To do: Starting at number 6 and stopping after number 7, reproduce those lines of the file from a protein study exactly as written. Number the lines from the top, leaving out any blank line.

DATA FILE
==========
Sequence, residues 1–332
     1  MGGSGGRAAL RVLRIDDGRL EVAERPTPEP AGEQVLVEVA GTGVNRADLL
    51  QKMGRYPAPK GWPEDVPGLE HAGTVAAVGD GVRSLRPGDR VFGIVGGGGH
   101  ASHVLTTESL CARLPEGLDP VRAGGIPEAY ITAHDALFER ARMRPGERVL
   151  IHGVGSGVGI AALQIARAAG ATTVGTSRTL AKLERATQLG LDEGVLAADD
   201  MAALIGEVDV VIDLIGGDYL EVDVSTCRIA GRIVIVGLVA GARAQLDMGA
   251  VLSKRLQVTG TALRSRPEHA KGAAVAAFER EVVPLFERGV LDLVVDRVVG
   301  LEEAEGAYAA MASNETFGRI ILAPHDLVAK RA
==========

   201  MAALIGEVDV VIDLIGGDYL EVDVSTCRIA GRIVIVGLVA GARAQLDMGA
   251  VLSKRLQVTG TALRSRPEHA KGAAVAAFER EVVPLFERGV LDLVVDRVVG